Monday, March 21, 2005

Advice from 'Across the Pond'

Today's New York Times features an op-ed from Iain Duncan Smith, who used to be the leader of the Conservative (aka Tory) Party in England. The Conservatives currently are the minority in Parliament, so they're in the same boat as the Democrats in our Congress. Duncan Smith gives some excellent advice to the Republicans in the Senate by offering an example from English political history that could repeat itself in just a few weeks here in America.

It looks increasingly possible that when Congress comes back from its Easter break, the Senate Republican leadership (Frist, Santorum & Co.) will attempt to bring one of Bush's contested judicial nominees up for a confirmation vote. In the past, Democrats have deployed the filibuster to keep these nominees (only ten of them, and all completely either unqualified or ridiculously inappropriate) from being confirmed. This is a completely legitimate delaying tactic, and even was used by Republicans in the Senate to block the nomination of Abe Fortas to the chief justice's chair in 1968 (today's Republicans seem to have forgotten that, probably because the nomination ended up derailing itself over other issues). But this time, Frist & Co. have said, if the Democrats try to filibuster, a point of order will be lodged against the attempt, and Vice President Cheney would make a ruling from the chair that filibusters of judicial nominees is in fact unconstitutional. There would then be a vote on that ruling, but it would take only 51 yes votes to uphold Cheney, and thereby end any further filibusters on judicial nominees (including future nominees to the Supreme Court).

Some question remains over whether Frist has 51 votes in favor of upholding Cheney's ruling, should it be made. Several Republicans, including Hagel and McCain (just yesterday on ABC's "This Week") have expressed reluctance to implement the so-called "nuclear option" and end judicial filibusters, giving various reasons for their reticence. Mostly these center around the likelihood that Democrats will completely shut down the Senate, which they absolutely have the capability of doing. The Senate generally operates under 'unanimous consent requests', meaning that everyone agrees to set times for debate, not to have the clerk read through every single bill/amendment/technical detail line by line, and so forth. If the Democrats wanted to, they could object to every single unanimous consent request, and force the Senate to a quick and immediate standstill. Now, I have some serious doubts about whether the current crop of Democrats would actually do that, since they seem to have a standard operating procedure of rolling over and playing dead instead of standing up and fighting when it comes right down to it, but they could really make things difficult for Frist & Co. to accomplish literally anything at all.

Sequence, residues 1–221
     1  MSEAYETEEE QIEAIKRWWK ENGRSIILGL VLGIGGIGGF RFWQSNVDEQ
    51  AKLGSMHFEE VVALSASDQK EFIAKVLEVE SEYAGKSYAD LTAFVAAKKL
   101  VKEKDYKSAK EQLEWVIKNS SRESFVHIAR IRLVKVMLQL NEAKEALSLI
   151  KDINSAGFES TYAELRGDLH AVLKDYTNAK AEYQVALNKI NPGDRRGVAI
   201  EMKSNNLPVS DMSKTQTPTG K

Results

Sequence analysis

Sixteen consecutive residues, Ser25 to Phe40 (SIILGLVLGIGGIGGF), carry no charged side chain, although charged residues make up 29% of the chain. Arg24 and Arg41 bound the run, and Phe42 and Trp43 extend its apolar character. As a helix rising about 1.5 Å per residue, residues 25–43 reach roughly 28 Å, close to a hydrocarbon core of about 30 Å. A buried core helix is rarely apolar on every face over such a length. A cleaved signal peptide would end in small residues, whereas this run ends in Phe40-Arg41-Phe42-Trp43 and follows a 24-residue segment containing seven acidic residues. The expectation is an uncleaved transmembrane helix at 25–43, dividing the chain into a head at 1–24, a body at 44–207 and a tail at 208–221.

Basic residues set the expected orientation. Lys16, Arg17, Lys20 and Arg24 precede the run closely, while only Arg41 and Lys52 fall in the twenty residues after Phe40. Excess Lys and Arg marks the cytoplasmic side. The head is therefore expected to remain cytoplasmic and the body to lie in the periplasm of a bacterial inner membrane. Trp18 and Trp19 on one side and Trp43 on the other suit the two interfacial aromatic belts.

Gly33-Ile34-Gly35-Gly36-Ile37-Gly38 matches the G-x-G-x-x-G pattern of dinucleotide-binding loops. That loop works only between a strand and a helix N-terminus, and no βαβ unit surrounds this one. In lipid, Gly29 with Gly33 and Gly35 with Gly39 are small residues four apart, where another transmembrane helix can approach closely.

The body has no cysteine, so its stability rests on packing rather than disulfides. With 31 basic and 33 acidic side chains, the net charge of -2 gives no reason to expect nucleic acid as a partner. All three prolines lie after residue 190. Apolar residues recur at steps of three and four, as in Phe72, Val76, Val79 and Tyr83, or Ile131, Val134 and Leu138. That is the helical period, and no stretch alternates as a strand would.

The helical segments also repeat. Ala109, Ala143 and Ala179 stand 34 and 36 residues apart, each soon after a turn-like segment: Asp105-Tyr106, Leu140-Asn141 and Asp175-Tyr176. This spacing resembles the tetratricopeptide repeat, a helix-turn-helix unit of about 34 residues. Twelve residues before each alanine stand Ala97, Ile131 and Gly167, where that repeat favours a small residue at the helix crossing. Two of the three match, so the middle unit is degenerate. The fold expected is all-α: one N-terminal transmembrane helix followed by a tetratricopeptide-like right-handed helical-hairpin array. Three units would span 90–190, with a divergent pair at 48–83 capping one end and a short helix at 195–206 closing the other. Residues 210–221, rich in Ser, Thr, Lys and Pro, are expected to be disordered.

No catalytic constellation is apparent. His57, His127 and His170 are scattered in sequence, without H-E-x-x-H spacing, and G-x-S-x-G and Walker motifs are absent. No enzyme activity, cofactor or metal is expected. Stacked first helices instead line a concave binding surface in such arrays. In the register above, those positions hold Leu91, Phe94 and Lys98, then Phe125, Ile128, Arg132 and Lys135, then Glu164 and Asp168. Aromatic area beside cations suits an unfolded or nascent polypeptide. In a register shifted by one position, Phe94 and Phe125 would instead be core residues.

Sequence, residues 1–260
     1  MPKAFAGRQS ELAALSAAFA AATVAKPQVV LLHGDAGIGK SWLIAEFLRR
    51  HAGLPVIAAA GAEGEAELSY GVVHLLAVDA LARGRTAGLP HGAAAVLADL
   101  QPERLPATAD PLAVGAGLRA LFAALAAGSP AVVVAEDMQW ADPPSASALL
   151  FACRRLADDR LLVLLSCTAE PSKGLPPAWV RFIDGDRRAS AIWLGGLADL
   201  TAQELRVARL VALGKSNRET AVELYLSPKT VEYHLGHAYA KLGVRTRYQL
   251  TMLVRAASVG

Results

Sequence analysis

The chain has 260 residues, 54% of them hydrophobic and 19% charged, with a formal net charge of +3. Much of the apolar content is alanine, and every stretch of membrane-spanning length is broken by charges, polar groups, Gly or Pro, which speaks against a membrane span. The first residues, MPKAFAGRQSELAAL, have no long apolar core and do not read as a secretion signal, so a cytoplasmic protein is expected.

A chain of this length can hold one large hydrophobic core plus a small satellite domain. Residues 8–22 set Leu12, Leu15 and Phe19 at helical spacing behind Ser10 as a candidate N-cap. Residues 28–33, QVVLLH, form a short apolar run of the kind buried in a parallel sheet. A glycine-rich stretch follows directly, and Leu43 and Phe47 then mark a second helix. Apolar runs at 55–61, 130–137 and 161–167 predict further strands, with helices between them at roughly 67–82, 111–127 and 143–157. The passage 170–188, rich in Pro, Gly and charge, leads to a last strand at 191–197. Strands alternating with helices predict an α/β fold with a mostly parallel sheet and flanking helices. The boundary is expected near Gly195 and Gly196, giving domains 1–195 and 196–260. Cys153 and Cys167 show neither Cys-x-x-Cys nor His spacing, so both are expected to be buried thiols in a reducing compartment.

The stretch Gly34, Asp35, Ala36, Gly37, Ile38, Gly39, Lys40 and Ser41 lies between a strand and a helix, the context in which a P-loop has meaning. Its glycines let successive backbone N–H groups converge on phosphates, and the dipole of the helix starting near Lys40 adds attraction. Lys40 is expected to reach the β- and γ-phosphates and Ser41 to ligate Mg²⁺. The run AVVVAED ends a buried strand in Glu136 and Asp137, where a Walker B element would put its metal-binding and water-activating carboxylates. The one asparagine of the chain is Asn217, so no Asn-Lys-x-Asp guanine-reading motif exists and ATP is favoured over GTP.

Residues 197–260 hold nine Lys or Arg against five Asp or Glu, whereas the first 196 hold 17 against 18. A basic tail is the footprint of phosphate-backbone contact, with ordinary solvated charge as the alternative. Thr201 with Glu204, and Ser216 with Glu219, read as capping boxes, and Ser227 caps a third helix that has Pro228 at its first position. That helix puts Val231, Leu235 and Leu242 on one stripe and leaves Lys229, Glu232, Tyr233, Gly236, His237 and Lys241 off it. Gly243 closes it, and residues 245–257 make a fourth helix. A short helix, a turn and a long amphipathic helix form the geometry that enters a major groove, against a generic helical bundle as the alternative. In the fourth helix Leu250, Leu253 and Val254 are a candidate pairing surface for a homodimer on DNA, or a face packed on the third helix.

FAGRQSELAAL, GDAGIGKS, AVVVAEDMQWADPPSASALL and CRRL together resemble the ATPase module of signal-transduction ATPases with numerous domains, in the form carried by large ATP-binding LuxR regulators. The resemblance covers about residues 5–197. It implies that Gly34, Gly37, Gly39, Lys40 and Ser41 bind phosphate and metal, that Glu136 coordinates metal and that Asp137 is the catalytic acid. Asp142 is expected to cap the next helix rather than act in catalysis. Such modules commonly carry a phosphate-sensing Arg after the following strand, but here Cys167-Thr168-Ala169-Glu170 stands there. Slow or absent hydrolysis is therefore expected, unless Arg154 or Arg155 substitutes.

More importantly, and back to the point that Duncan Smith makes in his op-ed today (and as George Will, with whom I almost never agree, said yesterday), someday the Republicans are going to find themselves back in the minority. Duncan Smith's example derives from an 1887 decision by a Conservative government to allow the majority party to set limits on parliamentary debate in order to curb filibuster-style protests by minorities. For the past 118 years, the minority parties in Parliament have chafed under this 'guillotine rule' - and recently it's been the Conservatives (who originally backed the guillotine) who have come to revile it. The same, both he and Will suggest, could very well happen to the Republicans at some point down the line), and at that time the party will certainly regret have fired this irretrievable arrow from their tactical quiver.

There's still a glimmer of hope that a compromise of some kind might be worked out before the nuclear option is deployed. This is, clearly, the most desirable option for both sides, since the Democrats don't want to allow themselves to be painted with the "obstructionist" brush any more than they absolutely have to. If worst comes to worst, though, and the vote is called, it will come down to a few moderate Republican senators who will have to decide whether to buck their party in its long term interests, or support the current leadership in its push forward to what will surely be a Pyrrhic victory.


At 5:45 PM, Anonymous Anonymous said...

A lot of the problems the neoconservatives have in Congress right now, at least in my opinion, is that they are not exactly thinking far ahead. They are thinking now. It will come back to bite them in the collective ass later. Moderates and, dare I say, intelligent conservatives in Congress do realize that they might some time (soon, I hope) find themselves in the minority again and will then regret it.

Here's hoping that moderation gets the better of the rest of the Republican party here, so that Frist and Santorum and the likes can't shut out fighting tactics that they themselves may need again some day.



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